Public-worker unions offered their support for the quarterly payments bill yesterday but said they’d still like to see the payment schedule established as a constitutional amendment to ensure future governors and lawmakers can’t disobey it during years when the budget is tight or revenues fail to meet expectations. Christie, when asked about the measure during his monthly radio show on NJ 101.5 FM yesterday evening, said he had yet to review the bill thoroughly but is encouraged by changes made to a prior version of the legislation that he’s previously rejected.
The passage of the quarterly payments bill came just a week after S&P Global Ratings gave the state its latest credit-rating downgrade. The pension system, which covers an estimated 770,000 current and retired workers, is at least $44 billion in debt, a funding gap that S&P highlighted in the downgrade notice it sent to investors last week. The major Wall Street rating agency also raised questions about whether the state will ultimately be able to cover its pension obligations once cuts to the sales tax and estate tax that were adopted last month are fully phased in.
Lawmakers had tried on two separate occasions to convince Christie that making quarterly payments would help to address the pension system’s funding problem, but he vetoed those efforts, citing concerns about short-term borrowing costs that the state could have to take on at the beginning of each fiscal year to help cover the first installments if sufficient tax revenue isn’t available.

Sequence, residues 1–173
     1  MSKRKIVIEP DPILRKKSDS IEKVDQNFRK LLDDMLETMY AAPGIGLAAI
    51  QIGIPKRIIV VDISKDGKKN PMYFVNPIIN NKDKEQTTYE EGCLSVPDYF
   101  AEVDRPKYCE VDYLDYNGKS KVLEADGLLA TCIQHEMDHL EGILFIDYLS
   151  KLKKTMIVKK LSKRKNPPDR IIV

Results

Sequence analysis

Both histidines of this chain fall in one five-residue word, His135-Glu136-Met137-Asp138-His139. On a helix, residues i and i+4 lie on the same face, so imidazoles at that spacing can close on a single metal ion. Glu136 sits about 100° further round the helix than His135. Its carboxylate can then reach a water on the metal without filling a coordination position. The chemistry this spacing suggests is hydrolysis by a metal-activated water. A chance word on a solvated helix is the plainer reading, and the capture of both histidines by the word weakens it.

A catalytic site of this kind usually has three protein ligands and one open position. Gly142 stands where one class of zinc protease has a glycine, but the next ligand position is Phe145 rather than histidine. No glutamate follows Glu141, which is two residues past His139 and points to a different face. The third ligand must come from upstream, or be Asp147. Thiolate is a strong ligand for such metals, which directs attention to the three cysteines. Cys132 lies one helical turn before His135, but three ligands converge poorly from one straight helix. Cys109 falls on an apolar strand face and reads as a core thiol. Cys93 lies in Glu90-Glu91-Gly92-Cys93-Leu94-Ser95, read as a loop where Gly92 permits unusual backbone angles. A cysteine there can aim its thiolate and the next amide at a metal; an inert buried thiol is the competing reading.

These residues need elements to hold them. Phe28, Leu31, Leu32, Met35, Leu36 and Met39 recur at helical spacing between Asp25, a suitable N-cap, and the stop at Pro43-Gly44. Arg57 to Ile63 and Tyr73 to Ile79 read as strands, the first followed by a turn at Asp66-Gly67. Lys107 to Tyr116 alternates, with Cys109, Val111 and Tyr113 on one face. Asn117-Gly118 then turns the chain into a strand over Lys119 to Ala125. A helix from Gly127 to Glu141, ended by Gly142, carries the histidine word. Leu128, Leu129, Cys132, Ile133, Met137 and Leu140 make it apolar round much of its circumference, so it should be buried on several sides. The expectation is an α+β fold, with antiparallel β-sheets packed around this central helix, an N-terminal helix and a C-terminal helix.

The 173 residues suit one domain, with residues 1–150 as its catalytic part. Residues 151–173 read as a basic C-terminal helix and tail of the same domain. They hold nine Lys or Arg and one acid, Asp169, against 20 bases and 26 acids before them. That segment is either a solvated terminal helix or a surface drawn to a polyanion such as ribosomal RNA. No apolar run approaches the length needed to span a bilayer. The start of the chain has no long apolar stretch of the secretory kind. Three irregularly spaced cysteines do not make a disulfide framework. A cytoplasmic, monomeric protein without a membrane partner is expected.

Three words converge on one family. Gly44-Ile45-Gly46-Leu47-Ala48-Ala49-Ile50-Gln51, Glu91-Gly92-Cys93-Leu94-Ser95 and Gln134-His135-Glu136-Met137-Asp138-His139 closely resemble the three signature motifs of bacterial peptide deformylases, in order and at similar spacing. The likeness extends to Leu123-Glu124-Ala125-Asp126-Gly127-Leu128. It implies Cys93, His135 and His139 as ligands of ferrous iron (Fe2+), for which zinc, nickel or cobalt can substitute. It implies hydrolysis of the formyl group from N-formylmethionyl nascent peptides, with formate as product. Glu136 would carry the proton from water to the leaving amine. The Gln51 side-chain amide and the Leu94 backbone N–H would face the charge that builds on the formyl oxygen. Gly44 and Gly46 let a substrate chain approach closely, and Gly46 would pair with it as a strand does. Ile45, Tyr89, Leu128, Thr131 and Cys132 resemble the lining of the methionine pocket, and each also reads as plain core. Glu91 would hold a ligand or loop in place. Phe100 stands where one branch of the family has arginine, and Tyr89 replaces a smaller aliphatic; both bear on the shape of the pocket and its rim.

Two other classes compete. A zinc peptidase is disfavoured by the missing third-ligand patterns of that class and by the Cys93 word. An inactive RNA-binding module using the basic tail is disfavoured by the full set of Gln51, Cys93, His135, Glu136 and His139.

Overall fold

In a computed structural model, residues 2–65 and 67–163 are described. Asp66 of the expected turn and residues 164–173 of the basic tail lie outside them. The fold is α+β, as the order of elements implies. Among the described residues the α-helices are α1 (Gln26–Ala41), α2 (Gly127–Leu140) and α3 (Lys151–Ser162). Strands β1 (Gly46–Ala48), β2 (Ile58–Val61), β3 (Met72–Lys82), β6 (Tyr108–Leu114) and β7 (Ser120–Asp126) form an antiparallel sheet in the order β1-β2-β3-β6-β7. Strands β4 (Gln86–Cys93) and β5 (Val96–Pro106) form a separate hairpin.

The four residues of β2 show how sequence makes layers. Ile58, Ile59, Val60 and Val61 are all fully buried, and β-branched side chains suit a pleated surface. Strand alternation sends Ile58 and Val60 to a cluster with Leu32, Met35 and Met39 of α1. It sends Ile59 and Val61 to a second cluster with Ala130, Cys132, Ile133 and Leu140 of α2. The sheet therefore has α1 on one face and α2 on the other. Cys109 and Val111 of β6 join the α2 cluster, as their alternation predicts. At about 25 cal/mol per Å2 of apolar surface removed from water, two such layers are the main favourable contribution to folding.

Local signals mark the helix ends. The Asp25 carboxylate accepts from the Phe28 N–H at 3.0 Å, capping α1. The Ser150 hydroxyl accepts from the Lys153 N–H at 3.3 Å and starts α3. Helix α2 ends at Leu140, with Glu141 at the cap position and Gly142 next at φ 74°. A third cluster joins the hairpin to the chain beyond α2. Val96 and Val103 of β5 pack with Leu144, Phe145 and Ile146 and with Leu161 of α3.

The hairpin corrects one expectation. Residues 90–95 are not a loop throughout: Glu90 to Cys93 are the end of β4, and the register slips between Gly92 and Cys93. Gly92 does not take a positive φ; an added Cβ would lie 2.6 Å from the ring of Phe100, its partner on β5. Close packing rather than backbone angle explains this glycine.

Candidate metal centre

The legislation that passed yesterday requires the payments to be made by the end of each quarter, not at the beginning as prior bills had sought, giving the state more time to collect the revenue. The measure also calls for any short-term borrowing costs to be covered by the payment itself, not out of the annual budget.
Those were meaningful changes, said Senate Minority Leader Tom Kean Jr., who signed on as a cosponsor this time with Senate President Stephen Sweeney (D-Gloucester).